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Transcripts encoding ADAR1, a double-stranded, RNA-specific adenosine deaminase involved in the adenosine-to-inosine (A-to-I) editing of mammalian RNAs, can be alternatively spliced to produce an interferon-inducible protein isoform (p150) that is up-regulated in both cell culture and in vivo model systems in response to pathogen or interferon stimulation. In contrast to other tissues, p150 is expressed at extremely low levels in the brain and it is unclear what role, if any, this isoform may play in the innate immune response of the central nervous system (CNS) or whether the extent of editing for RNA substrates critical for CNS function is affected by its induction. To investigate the expression of ADAR1 isoforms in response to viral infection and subsequent alterations in A-to-I editing profiles for endogenous ADAR targets, we used a neurotropic strain of reovirus to infect neonatal mice and quantify A-to-I editing in discrete brain regions using a multiplexed, high-throughput sequencing strategy. While intracranial injection of reovirus resulted in a widespread increase in the expression of ADAR1 (p150) in multiple brain regions and peripheral organs, significant changes in site-specific A-to-I conversion were quite limited, suggesting that steady-state levels of p150 expression are not a primary determinant for modulating the extent of editing for numerous ADAR targets in vivo.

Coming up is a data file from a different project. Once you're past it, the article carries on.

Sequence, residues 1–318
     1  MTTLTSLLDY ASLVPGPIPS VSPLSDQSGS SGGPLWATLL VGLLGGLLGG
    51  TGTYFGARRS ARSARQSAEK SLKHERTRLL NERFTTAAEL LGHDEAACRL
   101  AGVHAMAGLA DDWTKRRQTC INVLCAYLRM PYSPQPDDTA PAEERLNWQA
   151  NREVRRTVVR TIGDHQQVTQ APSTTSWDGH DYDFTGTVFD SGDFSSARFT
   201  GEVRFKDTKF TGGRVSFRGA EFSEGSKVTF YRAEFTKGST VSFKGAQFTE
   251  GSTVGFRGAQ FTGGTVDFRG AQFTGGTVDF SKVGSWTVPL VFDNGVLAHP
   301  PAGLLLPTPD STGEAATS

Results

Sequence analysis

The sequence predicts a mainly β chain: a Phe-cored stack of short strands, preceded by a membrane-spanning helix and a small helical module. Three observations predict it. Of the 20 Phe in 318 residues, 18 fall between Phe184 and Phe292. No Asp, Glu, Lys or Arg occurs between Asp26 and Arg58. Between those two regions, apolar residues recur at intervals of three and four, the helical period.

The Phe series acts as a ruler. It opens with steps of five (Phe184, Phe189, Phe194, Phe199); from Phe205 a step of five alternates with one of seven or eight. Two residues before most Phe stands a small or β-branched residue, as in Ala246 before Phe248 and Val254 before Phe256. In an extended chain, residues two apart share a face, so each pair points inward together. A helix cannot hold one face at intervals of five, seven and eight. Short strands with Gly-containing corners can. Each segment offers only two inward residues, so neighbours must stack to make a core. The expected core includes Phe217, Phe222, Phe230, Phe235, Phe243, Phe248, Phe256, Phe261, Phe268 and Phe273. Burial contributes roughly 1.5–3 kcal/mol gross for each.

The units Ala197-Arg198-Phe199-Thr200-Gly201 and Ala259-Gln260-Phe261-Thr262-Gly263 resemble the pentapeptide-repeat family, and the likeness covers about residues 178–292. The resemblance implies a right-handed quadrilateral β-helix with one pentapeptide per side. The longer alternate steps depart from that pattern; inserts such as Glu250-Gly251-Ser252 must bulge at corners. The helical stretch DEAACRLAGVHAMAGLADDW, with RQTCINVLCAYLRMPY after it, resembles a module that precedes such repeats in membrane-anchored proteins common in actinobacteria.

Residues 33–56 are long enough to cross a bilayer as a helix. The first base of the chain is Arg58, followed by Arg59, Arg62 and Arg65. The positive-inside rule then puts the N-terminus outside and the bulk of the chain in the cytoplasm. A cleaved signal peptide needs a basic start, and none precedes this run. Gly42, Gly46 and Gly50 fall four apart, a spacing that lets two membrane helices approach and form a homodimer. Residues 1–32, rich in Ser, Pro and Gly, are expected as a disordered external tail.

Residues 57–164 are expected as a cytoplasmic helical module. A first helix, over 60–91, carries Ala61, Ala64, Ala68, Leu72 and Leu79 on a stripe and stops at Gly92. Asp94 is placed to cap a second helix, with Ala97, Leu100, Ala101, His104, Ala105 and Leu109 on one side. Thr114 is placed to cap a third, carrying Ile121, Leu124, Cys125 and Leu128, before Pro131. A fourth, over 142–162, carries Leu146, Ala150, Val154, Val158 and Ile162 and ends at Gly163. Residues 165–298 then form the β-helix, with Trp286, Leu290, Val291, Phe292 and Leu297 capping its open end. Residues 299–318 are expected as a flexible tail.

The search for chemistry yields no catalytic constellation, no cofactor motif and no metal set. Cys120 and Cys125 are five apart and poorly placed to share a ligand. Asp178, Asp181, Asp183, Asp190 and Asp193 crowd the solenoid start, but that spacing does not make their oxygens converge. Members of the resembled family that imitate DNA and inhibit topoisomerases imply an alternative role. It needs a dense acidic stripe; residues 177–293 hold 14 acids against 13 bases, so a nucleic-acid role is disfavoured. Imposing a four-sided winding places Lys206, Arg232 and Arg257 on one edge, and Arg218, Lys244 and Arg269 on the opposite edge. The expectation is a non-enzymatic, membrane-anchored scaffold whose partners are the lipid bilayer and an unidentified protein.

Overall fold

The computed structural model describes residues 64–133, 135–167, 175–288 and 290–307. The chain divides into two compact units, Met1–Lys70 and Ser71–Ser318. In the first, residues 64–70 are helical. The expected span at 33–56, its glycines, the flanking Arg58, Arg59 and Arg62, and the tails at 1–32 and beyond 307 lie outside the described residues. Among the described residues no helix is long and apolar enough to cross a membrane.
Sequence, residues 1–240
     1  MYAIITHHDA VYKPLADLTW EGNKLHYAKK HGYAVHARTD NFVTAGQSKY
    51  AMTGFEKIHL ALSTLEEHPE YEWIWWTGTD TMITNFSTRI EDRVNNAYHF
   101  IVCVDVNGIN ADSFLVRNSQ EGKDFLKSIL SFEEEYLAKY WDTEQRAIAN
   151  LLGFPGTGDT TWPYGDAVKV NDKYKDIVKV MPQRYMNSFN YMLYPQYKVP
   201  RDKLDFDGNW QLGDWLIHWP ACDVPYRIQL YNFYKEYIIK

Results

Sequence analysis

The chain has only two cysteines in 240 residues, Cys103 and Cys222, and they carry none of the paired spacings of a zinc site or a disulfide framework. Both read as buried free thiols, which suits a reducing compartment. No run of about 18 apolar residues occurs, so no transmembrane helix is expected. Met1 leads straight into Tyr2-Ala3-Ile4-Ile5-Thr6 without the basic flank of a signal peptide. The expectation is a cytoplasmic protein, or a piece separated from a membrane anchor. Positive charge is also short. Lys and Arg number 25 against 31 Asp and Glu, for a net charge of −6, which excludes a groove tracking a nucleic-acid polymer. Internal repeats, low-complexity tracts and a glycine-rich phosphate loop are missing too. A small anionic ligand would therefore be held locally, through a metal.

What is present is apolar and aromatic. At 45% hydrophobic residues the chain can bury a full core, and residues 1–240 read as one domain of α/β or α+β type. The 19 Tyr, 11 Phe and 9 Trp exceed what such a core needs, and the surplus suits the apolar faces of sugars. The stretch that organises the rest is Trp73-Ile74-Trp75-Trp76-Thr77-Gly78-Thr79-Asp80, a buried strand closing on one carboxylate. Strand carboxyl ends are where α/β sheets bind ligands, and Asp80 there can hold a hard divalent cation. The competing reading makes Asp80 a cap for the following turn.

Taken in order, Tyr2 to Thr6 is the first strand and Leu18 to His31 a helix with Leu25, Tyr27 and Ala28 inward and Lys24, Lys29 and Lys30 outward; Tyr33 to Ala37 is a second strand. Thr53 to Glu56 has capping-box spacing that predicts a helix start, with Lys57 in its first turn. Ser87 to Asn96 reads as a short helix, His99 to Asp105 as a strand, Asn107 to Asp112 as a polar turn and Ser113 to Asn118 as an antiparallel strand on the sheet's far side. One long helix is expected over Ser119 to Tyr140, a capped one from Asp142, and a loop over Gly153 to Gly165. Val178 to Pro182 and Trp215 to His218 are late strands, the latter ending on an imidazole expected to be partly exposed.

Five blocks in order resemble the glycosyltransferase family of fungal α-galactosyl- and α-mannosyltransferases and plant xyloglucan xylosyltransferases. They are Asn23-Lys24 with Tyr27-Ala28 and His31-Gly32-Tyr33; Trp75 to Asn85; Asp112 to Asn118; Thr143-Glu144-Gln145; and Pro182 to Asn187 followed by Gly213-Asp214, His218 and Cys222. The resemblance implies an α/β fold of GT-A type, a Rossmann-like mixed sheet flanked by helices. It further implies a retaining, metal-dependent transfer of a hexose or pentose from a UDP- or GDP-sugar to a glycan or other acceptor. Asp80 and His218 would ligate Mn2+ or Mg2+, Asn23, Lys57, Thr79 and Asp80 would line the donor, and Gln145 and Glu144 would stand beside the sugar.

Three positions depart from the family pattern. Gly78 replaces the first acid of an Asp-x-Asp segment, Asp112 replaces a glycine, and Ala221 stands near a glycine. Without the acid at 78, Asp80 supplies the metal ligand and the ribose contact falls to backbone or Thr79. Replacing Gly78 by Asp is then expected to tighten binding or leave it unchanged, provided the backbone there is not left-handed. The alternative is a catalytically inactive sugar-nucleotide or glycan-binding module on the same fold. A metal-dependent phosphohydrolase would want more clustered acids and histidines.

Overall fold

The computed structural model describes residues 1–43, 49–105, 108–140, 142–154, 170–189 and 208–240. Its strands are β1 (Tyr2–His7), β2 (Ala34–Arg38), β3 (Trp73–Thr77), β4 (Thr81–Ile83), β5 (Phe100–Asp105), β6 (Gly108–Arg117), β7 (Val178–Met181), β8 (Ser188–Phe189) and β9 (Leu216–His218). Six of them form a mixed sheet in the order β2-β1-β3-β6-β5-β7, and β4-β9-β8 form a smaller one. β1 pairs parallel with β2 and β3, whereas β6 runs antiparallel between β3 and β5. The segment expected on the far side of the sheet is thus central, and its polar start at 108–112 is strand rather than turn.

Copyright © 2014 Elsevier Inc. All rights reserved.
UNLABELLED - Microfold (M) cells are specialized intestinal epithelial cells that internalize particulate antigens and aid in the establishment of immune responses to enteric pathogens. M cells have also been suggested as a portal for pathogen entry into the host. While virus particles have been observed in M cells, it is not known whether viruses use M cells to initiate a productive infection. Noroviruses (NoVs) are single-stranded RNA viruses that infect host organisms via the fecal-oral route. Murine NoV (MNV) infects intestinal macrophages and dendritic cells and provides a tractable experimental system for understanding how an enteric virus overcomes the intestinal epithelial barrier to infect underlying target cells. We found that replication of two divergent MNV strains was reduced in mice depleted of M cells. Reoviruses are double-stranded RNA viruses that infect hosts via respiratory or enteric routes. In contrast to MNV, reovirus infects enterocytes in the intestine. Despite differences in cell tropism, reovirus infection was also reduced in M cell-depleted mice. These data demonstrate that M cells are required for the pathogenesis of two unrelated enteric viruses that replicate in different cell types within the intestine.